2020 Lincoln Corsair vs. 2020 Mazda CX-30

Detailed Review, Specifications & Comparison

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Safety

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The Corsair has standard Post Collision Braking, which automatically apply the brakes in the event of a crash to help prevent secondary collisions and prevent further injuries. The CX-30 doesn’t offer a post collision braking system: in the event of a collision that triggers the airbags, more collisions are possible without the protection of airbags that may have already deployed.

Over 200 people are killed each year when backed over by motor vehicles. The Corsair offers optional Reverse Brake Assist that uses rear sensors to monitor and automatically apply the brakes to prevent a rear collision. The CX-30 doesn’t offer backup collision prevention brakes.

The Corsair offers an optional 360-Degree Camera to allow the driver to see objects all around the vehicle on a screen. The CX-30 only offers a rear monitor.

Both the Corsair and the CX-30 have standard driver and passenger frontal airbags, front side-impact airbags, driver and front passenger knee airbags, side-impact head airbags, front-wheel drive, height-adjustable front shoulder belts, four-wheel antilock brakes, traction control, electronic stability systems to prevent skidding, crash mitigating brakes, daytime running lights, lane departure warning systems, rearview cameras, driver alert monitors and available all-wheel drive.

Warranty

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The Corsair comes with a full 4-year/50,000-mile basic warranty, which covers the entire truck and includes 24-hour roadside assistance. The CX-30’s 3-year/36,000-mile basic warranty expires 1 year and 14,000 miles sooner.

Lincoln’s powertrain warranty covers the Corsair 1 year and 10,000 miles longer than Mazda covers the CX-30. Any repair needed on the engine, transmission, axles, joints or driveshafts is fully covered for 6 years or 70,000 miles. Coverage on the CX-30 ends after only 5 years or 60,000 miles.

There are over 43 percent more Lincoln dealers than there are Mazda dealers, which makes it easier should you ever need service under the Corsair’s warranty.

Reliability

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The Corsair has a standard “limp home system” to keep drivers from being stranded if most or all of the engine’s coolant is lost. The engine will run on only half of its cylinders at a time, reduce its power and light a warning lamp on the dashboard so the driver can get to a service station for repairs. The CX-30 doesn’t offer a lost coolant limp home mode, so a coolant leak could strand you or seriously damage the truck’s engine.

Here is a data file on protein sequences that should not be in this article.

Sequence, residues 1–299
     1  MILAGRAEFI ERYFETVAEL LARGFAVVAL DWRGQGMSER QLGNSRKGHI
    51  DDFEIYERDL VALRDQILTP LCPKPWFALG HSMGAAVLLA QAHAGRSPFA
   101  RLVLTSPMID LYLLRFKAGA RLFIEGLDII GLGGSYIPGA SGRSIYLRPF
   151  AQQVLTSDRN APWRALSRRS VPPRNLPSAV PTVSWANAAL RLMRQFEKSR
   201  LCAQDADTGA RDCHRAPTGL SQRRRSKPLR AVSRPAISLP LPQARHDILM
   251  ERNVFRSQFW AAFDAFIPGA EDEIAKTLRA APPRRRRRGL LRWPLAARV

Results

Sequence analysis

J.D. Power and Associates’ 2019 Initial Quality Study of new car owners surveyed provide the statistics that show that Lincoln vehicles are better in initial quality than Mazda vehicles. J.D. Power ranks Lincoln fifth in initial quality, above the industry average. With 10 more problems per 100 vehicles, Mazda is ranked 12th, below the industry average.

J.D. Power and Associates’ 2019 survey of the owners of three-year-old vehicles provides the long-term dependability statistics that show that Lincoln vehicles are more reliable than Mazda vehicles. J.D. Power ranks Lincoln 19th in reliability. With 12 more problems per 100 vehicles, Mazda is ranked 21st.

Engine

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The Corsair’s standard 2.0 turbo 4-cylinder produces 64 more horsepower (250 vs. 186) and 89 lbs.-ft. more torque (275 vs. 186) than the CX-30’s 2.5 DOHC 4-cylinder. The Corsair’s optional 2.3 turbo 4-cylinder produces 94 more horsepower (280 vs. 186) and 124 lbs.-ft. more torque (310 vs. 186) than the CX-30’s 2.5 DOHC 4-cylinder.

As tested in Consumer Reports the Lincoln Corsair is faster than the Mazda CX-30:

Corsair 2.0

Corsair 2.3

CX-30

Zero to 30 MPH

2.8 sec

n/a

3.2 sec

Zero to 60 MPH

7.2 sec

6.5 sec

8.7 sec

45 to 65 MPH Passing

4.8 sec

n/a

5.2 sec

Quarter Mile

15.7 sec

15 sec

16.7 sec

Speed in 1/4 Mile

90 MPH

92.9 MPH

88 MPH

Fuel Economy and Range

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In heavy traffic or at stoplights the Corsair’s engine automatically turns off when the vehicle is stopped, saving fuel and reducing pollution. The engine is automatically restarted when the driver gets ready to move again. (Start/Stop isn’t accounted in present EPA fuel mileage tests.) The CX-30 doesn’t offer an automatic engine start/stop system.

The Corsair has 3.5 gallons more fuel capacity than the CX-30 AWD’s standard fuel tank (16.2 vs. 12.7 gallons), for longer range between fill-ups. The Corsair has 2.7 gallons more fuel capacity than the CX-30 FWD’s standard fuel tank (16.2 vs. 13.5 gallons).

The Corsair has a standard cap-less fueling system. The fuel filler is automatically opened when the fuel nozzle is inserted and automatically closed when it’s removed. This eliminates the need to unscrew and replace the cap and it reduces fuel evaporation, which causes pollution. The CX-30 doesn’t offer a cap-less fueling system.

Transmission